It comes just weeks after China landed a remote-controlled rover called Zhurong on Mars, making it the only country after the U.S. to do so.
Wang said the first step in China’s plans is to use robots to explore Mars to sample its surface and help select a place to build a base. The next stage would be to send astronauts up to Mars to build a base station there. Then China wants large-scale Earth-to-Mars cargo missions.
China has earmarked 2033, 2035, 2037, 2041, and 2043 for such missions and said it would explore technology to fly astronauts back to Earth.
The revelation of China’s Mars goals comes after a string of successful space missions. China has begun construction of its own space station and earlier this month sent the first astronauts up there. It was the first time China sent a crewed mission to space since 2016.
NASA says it plans to send humans to Mars in the 2030s.
The Texan Border
Over the weekend, nearly 100 days after being appointed by President Joe Biden to address the immigration crisis at the southern border, Vice-President Kamala Harris visited an El Paso border facility.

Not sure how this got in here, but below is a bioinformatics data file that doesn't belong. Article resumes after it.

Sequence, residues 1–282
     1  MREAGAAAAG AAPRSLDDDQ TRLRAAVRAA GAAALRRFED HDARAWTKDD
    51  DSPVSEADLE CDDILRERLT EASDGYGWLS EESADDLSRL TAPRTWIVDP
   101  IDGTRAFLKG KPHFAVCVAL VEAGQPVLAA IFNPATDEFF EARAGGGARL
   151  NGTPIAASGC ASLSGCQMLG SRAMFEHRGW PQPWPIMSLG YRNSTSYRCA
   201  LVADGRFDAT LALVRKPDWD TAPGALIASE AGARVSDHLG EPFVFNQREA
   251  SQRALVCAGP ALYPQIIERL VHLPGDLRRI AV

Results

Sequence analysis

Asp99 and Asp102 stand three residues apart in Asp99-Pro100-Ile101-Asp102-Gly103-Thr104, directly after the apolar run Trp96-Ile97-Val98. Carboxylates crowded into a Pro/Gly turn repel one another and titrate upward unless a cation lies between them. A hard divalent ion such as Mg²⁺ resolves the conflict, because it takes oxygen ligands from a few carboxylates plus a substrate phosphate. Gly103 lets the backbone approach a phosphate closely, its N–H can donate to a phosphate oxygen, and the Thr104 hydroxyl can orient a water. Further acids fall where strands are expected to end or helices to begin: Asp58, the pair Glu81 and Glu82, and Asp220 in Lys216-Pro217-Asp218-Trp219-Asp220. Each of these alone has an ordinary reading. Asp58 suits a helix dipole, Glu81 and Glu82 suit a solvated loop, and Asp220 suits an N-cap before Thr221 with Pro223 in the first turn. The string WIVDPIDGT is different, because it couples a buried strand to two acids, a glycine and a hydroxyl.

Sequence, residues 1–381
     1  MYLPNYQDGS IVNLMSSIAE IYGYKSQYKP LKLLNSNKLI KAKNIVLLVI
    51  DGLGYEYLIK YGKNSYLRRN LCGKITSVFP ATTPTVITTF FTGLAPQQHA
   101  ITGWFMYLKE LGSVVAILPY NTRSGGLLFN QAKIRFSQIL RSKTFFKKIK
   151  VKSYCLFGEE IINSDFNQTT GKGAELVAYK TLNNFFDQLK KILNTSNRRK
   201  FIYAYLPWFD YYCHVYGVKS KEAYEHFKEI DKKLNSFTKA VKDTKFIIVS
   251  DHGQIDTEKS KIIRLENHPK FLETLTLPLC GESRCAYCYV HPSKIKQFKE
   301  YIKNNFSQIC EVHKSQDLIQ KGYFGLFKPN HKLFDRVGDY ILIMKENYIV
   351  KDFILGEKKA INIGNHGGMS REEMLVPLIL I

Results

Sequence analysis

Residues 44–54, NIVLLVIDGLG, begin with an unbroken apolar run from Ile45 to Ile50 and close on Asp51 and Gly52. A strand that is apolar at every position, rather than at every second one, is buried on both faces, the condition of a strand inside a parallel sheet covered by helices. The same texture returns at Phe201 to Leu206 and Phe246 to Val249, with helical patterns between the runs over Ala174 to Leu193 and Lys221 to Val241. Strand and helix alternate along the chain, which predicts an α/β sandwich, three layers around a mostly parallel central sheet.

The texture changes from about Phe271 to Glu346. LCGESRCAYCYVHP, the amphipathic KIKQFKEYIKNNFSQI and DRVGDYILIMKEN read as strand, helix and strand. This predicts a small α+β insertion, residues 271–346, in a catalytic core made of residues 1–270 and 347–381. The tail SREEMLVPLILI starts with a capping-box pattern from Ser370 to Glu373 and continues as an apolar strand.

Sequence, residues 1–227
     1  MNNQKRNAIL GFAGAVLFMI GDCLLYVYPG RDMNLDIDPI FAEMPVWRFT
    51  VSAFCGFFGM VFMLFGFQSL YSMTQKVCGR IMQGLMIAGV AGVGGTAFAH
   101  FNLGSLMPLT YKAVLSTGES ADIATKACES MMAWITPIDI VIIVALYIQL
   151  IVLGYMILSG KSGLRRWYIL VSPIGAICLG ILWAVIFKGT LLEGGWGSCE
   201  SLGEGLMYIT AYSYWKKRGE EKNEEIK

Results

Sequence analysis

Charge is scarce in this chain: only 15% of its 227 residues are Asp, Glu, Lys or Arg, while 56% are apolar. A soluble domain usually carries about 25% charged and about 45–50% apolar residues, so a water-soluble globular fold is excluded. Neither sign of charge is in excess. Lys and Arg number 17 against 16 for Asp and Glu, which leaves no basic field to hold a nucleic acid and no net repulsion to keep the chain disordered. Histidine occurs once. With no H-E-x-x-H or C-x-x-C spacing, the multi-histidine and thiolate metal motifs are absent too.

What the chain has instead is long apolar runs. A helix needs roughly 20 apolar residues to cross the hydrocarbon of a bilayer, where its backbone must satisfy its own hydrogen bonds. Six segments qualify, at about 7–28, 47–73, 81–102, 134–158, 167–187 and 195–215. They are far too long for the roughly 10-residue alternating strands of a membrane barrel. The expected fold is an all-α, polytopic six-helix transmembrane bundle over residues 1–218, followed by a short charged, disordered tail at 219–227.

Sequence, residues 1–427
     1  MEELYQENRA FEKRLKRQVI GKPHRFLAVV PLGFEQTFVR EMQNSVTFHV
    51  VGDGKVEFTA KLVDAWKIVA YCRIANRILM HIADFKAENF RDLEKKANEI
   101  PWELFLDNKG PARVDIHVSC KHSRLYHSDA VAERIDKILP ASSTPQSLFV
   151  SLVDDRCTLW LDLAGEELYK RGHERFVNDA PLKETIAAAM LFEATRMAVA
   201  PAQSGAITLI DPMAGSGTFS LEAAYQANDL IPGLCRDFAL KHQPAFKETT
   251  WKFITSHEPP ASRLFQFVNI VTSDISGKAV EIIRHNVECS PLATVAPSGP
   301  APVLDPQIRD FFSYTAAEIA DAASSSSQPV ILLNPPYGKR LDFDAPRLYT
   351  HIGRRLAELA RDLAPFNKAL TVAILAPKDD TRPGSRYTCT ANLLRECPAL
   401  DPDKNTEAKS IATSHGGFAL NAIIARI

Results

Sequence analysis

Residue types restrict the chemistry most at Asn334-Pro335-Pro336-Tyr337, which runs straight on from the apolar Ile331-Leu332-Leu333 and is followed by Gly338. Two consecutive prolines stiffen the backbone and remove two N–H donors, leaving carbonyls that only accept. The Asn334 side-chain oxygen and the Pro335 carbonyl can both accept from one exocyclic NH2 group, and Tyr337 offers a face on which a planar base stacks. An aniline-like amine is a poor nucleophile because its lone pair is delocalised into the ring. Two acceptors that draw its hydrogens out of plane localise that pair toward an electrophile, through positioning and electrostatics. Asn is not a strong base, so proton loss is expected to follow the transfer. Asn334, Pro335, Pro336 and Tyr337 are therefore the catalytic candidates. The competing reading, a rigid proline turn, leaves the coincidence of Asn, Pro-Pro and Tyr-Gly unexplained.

During a press conference, Harris touted “extreme progress” made by the Biden administration in tackling the migrant surge despite inheriting a “tough situation” due to the “disastrous effects” of the Trump administration’s border policies.
When asked why she visited El Paso instead of areas that have been more acutely hit, like the Rio Grande Valley Sector, Harris explained that El Paso was where a number of Trump policies, like the Remain-in-Mexico policy and child separation policies, were implemented.
This comes as more than 180,000 migrants were apprehended at the southern border in May, an increase over the 178,000 encountered in April and 173,000 encountered in March—all representing the highest numbers in years. In addition, 173,000 in March was a big increase from the 100,000 migrants encountered in February.
With or without help from the Biden Administration, Governor Greg Abbott is continuing to promote the continued building of a border wall along the Texan-Mexican border. Over the span of about a week, Texas received $459,000 in private donations for the state’s planned wall at the southern border, the governor’s office said Wednesday.
This comes after the governor promised a $250 million “down payment” in state funds for the project.